Clemson’s defense needs no motivation against Syracuse

Clemson’s defense needs no motivation against Syracuse

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Clemson’s defense needs no motivation against Syracuse

Clemson defensive coordinator Brent Venables doesn’t need to say anything to motivate his defense heading into Saturday’s game vs. Syracuse at Death Valley.

All Venables has to do is show his defense the tape of Clemson’s game against Syracuse at the Carrier Dome last October, when the Orange racked up 440 yards, 28 first downs and six plays of 20 yards or more in their upset 27-24 victory.

Syracuse’s offense began the game with a 10-play, 72-yard drive for a touchdown, and the Orange never trailed on their way to a shocking win.

Reflecting on the poor defensive performance, Venables said it started with missed assignments and a failure to execute simple fundamentals.

“To me, it starts with they run their base play. We’ve got three runs on the first drive that we don’t fit right that are basic and fundamental to what we do, and we were lined up,” Venables said. “We had plenty of time. We were lined up with our hand in the dirt, with our eyes on our key, and we don’t fit the run right – a power, a split-flow play and a zone, and they go for 8 (yards) and 8 and 7. You can’t play defense – nothing is good – if you don’t do those basic fundamental things.

“So, it ain’t late in the game. Late in the game is a bad product of not doing everything else right early in the game, starting with the first drive. You don’t get control of the game when you don’t make the ‘layups. We were airballing layups, and so to me, that’s where it starts. And absolutely, we showed it (the film) to them.”

Syracuse quarterback Eric Dungey completed 20-of-32 passes for 278 yards and three touchdowns in the win over Clemson last season. So far this season, he has thrown for 763 yards and nine touchdowns against just one interception while rushing for 354 yards and four touchdowns on 51 carries.

The senior from Lake Oswego, Ore., ranks fourth among ACC quarterbacks with a 63.7 completion percentage, fourth in the conference with a 164.6 passer rating, fifth in passing yards and is tied for second with his nine touchdown passes.

“They have good players and a quarterback that knows what to do,” Venables said of Syracuse, which is 4-0 (1-0 ACC) and currently tied with Clemson atop the ACC Atlantic Division. “The ball gets there fast. Their ability to run the ball, whether it’s the quarterback as a runner, designed runs or buying time with his legs… Those are the toughest guys to defend when they can do both – throw the ball down the field with accuracy and have the designed quarterback run game that requires extra hats to stop. And again, just the overall moxy and intangibles, the instincts, decision-making, things of that nature that Dungey presents… He’s an excellent player.”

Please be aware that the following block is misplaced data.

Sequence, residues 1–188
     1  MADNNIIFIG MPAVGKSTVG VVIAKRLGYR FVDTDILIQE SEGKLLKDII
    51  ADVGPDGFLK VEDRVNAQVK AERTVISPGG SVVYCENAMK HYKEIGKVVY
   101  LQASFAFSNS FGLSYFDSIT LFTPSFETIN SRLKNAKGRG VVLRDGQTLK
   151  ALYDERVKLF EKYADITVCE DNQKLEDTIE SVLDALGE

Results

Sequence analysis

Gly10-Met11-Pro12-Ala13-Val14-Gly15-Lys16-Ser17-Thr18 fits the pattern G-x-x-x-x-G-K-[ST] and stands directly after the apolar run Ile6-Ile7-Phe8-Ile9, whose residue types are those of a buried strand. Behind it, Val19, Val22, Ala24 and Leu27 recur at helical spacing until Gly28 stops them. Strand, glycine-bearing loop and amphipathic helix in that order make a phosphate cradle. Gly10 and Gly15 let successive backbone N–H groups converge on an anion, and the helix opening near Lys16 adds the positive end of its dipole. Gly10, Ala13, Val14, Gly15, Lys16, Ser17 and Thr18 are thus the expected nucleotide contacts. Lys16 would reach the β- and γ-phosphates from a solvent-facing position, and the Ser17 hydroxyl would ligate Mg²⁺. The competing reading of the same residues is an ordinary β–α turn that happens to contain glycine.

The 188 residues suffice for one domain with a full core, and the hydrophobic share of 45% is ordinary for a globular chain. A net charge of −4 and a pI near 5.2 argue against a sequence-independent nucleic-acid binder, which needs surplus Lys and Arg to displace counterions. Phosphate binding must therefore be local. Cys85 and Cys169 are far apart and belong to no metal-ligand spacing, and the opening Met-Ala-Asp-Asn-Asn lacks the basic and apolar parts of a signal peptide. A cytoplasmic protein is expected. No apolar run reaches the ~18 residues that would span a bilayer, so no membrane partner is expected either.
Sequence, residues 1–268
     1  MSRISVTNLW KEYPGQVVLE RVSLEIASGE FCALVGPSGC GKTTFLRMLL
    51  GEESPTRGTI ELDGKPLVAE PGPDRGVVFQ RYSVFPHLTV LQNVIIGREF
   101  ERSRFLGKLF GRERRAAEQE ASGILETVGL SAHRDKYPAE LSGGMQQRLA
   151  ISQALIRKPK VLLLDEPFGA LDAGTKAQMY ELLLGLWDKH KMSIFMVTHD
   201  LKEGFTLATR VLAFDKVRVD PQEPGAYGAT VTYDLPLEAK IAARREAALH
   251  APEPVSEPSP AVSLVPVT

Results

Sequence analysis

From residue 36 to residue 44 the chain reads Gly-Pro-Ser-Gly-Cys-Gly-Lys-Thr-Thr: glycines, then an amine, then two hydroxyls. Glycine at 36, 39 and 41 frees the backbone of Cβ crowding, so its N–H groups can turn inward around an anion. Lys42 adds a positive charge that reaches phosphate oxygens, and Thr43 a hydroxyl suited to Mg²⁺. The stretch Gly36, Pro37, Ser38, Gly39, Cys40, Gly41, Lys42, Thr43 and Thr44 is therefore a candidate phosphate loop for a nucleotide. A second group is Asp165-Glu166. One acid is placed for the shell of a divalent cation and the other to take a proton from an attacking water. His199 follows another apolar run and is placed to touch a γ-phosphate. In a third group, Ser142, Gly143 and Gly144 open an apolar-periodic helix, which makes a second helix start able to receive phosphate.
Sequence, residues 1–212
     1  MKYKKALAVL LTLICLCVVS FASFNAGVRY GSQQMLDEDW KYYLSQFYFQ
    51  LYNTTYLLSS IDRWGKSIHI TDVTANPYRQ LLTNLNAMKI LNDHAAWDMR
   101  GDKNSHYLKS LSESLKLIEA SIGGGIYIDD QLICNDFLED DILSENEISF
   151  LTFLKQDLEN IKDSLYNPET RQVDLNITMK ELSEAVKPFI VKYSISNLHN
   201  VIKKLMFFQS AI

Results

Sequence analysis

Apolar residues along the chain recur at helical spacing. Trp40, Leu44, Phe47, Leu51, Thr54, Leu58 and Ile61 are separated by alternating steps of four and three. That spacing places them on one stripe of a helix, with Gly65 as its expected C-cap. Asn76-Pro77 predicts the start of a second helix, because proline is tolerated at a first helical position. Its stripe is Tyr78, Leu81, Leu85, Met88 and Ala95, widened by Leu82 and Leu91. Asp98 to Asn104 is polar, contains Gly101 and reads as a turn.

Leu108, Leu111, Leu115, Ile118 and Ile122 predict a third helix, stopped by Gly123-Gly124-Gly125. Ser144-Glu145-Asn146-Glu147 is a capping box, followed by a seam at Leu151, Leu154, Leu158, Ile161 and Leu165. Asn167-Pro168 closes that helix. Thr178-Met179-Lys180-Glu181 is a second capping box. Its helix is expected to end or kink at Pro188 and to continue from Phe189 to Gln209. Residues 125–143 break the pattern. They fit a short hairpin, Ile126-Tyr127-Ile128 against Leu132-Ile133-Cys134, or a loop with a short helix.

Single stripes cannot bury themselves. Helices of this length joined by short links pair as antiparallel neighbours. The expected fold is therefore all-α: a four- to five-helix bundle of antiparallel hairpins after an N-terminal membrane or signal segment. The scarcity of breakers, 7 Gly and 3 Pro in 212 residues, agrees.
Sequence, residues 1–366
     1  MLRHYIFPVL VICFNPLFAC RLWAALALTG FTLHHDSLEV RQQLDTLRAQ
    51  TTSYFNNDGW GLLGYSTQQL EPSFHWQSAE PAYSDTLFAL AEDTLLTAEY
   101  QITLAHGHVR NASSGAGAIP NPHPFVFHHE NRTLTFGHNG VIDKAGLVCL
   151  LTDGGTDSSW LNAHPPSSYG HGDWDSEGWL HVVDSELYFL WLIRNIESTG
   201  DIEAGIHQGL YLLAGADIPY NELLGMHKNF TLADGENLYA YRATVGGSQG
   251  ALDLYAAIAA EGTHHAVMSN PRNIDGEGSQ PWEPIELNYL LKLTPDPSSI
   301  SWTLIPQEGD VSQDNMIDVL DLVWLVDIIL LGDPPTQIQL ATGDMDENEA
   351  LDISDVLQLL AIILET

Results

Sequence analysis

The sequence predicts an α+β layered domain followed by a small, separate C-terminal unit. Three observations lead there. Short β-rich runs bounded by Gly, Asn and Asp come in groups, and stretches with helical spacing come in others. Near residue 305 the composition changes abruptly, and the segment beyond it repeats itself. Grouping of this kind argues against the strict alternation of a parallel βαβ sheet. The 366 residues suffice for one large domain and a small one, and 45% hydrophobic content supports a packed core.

Venables knows his unit will have to come prepared and ready to play Saturday in order to slow down Syracuse’s offense, which is 10th nationally in points per game (49.5), ninth in rushing yards per game (278) and 13th in total yards per game (523).

“I think our guys have a good understanding of what they’re getting into this week,” Venables said. “They create a lot of challenges to you defensively. They’ve got good players, a great quarterback, an experienced team on both sides of the ball and obviously a lot of confidence after having whooped us last year. So, I think our guys are excited about the challenge.”

An important aspect of the Orange offense that makes it tough to stop is how fast it plays.

Syracuse is tied for sixth in the country in total offensive plays run at 334, but Venables says the offense’s tempo will not be an excuse for his defense.

“If their guys are playing every snap and they’re playing really fast, then in my mind we should be able to do the same thing,” Venables said. “So, I think the biggest thing is knowing what to do, getting their hand in the dirt, having a sense of urgency to get down and play technique and play fast.”

Clemson (4-0, 1-0 ACC) has momentum defensively heading into Saturday’s game, having allowed a combined total of just 343 yards of offense in its past two games vs. Georgia Southern and Georgia Tech after giving up 501 yards to Texas A&M on Sept. 8.

“We had a good outing last week and a good rhythm the last few weeks,” Venables said. “It’s just a different type of preparation obviously, different type of scheme, structure, all those things. But I think our guys are looking forward to the opportunity to see how we match up.”

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